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Madeline E. Robins aka [livejournal.com profile] madrobins has written a young adult book called Sold for Endless Rue. It's a very loose retelling of Rapunzel, set in medieval Salerno. It's mainly the story of two women--Laura and Bieta. Laura ran away from a raider and was adopted by an herbalist and midwife in the hills above Salerno. The town is the site of a famous medical school which admits women. The herbalist, Crescia, wants Laura to become a doctor (medica or magistra) and then teach Crescia or at least return to the hills and use her skills there. Laura is driven  and close to being examined when she falls in love and almost derails the entire thing. Her life does change radically. The second part of the book (I think it's actually the third part) focuses on Bieta, the adopted daughter of Laura. Laura keeps Bieta very close and has laid out her entire life--attend the medical school, become a doctor, and be even better than Laura as she will have had every advantage. Of course, that doesn't go quite right either.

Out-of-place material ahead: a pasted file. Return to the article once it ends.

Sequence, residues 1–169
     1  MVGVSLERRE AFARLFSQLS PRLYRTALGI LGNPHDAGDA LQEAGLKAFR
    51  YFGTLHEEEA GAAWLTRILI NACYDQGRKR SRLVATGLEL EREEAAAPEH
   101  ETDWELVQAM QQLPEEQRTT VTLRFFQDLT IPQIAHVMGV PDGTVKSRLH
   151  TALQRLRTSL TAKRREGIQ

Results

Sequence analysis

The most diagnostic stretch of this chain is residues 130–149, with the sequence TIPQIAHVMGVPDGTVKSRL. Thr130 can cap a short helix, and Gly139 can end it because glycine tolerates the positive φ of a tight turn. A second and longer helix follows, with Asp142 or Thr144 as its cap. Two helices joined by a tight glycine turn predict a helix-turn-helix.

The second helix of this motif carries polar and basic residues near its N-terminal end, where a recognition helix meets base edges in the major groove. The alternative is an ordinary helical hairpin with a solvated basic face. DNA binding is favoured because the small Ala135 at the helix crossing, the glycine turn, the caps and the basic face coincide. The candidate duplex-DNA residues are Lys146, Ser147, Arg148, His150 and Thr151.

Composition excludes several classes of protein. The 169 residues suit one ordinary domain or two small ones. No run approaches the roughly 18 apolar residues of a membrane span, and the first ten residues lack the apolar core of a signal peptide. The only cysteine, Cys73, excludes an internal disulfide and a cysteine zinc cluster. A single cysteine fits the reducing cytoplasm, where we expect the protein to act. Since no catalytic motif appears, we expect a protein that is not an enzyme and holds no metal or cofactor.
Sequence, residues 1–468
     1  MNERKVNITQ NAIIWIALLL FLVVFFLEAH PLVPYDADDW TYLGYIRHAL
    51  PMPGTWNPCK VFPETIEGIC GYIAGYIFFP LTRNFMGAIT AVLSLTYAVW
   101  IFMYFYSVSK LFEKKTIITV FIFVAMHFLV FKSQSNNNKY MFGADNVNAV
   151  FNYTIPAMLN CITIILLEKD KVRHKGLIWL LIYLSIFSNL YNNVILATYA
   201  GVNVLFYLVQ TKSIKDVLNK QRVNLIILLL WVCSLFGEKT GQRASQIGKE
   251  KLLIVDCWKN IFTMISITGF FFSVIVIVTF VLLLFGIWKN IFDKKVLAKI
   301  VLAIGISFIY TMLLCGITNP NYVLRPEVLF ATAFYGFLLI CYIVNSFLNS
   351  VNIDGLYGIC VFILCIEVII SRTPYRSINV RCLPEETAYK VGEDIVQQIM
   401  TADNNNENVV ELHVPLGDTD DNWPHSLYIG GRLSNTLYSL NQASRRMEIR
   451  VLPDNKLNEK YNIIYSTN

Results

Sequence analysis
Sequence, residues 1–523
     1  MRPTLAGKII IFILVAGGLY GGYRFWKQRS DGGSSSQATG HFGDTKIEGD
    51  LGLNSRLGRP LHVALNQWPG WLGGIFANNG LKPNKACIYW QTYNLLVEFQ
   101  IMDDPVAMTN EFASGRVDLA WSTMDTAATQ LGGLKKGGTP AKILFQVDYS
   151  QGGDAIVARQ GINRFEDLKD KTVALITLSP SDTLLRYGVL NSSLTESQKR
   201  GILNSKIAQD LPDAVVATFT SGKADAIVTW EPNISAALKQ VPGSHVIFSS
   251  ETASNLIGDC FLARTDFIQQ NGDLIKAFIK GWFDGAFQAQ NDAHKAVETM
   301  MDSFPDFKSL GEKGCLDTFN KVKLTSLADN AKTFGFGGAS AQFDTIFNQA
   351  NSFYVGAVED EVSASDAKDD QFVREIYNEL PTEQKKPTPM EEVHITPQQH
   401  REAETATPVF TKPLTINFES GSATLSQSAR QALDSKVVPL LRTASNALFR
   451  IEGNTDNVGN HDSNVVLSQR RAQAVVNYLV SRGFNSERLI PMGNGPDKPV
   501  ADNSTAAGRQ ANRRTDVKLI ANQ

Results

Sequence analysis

I felt that it's main theme was of mothers trying to control their daughters. Forcing their own dreams onto their children whether the dreams are right for the children or not. It's a thought on my mind now that I have two of my own. My mother is a doctor, but I knew very young that I didn't want to be one. "Too much work!" I'd say when asked. About the most direction I got from them (never really stated that I remember) is that I end up in a STEM field (yep), and once from my mother that she wanted me to go to graduate school (yep, but just for a master's degree).
melita66: (ship)
These two books were eagerly awaited and another book that I'd just started got dropped to read these instead!